Rachel Harrison is Reader in Thai Cultural Studies at SOAS. She has published widely on issues of gendered difference, sexuality, modern literature and cinema in Thailand as well as the comparative literature of South East Asia. She most recently edited a volume of chapters by Thai authors on the question of Western theoretical approaches to Thai literary analysis, entitled Disturbing Conventions: Decentring Thai Literary Cultures (Rowman and Littlefield International, 2014). In 2010 she published, in collaboration with Peter A. Jackson, an edited collection on The Ambiguous Allure of the West: Traces of the Colonial in Thailand with Hong Kong University Press and SEAP, Cornell. She is also editor of South East Asia Research.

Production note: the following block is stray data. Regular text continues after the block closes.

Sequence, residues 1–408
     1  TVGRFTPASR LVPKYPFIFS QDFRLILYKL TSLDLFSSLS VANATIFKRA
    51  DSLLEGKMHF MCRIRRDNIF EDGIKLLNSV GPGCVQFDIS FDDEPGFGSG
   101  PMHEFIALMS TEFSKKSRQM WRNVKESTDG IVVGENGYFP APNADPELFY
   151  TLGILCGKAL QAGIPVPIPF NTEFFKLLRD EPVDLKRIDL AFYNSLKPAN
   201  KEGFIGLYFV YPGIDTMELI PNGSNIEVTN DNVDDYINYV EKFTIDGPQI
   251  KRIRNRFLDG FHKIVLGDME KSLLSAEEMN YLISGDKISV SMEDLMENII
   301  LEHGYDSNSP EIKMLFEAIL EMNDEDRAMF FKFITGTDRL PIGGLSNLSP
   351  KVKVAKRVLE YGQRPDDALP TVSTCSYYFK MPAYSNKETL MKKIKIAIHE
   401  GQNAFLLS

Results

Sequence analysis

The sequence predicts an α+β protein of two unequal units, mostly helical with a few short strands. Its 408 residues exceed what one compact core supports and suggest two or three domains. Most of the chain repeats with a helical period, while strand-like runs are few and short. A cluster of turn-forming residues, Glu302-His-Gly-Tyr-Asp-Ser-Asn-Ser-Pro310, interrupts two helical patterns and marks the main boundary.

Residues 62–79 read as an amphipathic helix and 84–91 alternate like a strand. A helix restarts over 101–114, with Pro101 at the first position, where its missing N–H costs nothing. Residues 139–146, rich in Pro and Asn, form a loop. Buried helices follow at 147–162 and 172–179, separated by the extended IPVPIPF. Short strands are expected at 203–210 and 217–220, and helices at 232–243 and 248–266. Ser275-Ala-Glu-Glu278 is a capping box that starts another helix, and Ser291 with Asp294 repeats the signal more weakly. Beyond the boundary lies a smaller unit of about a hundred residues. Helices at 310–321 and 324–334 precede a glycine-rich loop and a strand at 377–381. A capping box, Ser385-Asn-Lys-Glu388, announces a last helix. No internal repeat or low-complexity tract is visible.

Guest Seminars / Public Lectures
Beyond Eurocentrism: Trajectories Toward a Renewed Political and Social Theory
A seminar with Ina Kerner (Humboldt-Universität zu Berlin)
Thursday 26th March, Room 141 Richard Hoggart Building, Goldsmiths, SE14 6NW, 4pm – 6pm
In recent years, the idea that we live in a globalized world has successfully gained ground—even in Europe and the rest of the Euro-Atlantic world.
Across various academic disciplines, this had led to severe critiques of not only methodological nationalism, but also of methodological Eurocentrism. But what does it mean to leave Eurocentrism behind? What kind of theorizing can and should we engage in when
we attempt at provincializing, decentering or even decolonizing our thought? In her talk, Ina Kerner will present and discuss different critiques of Eurocentrism and assess theoretical alternatives each may provide.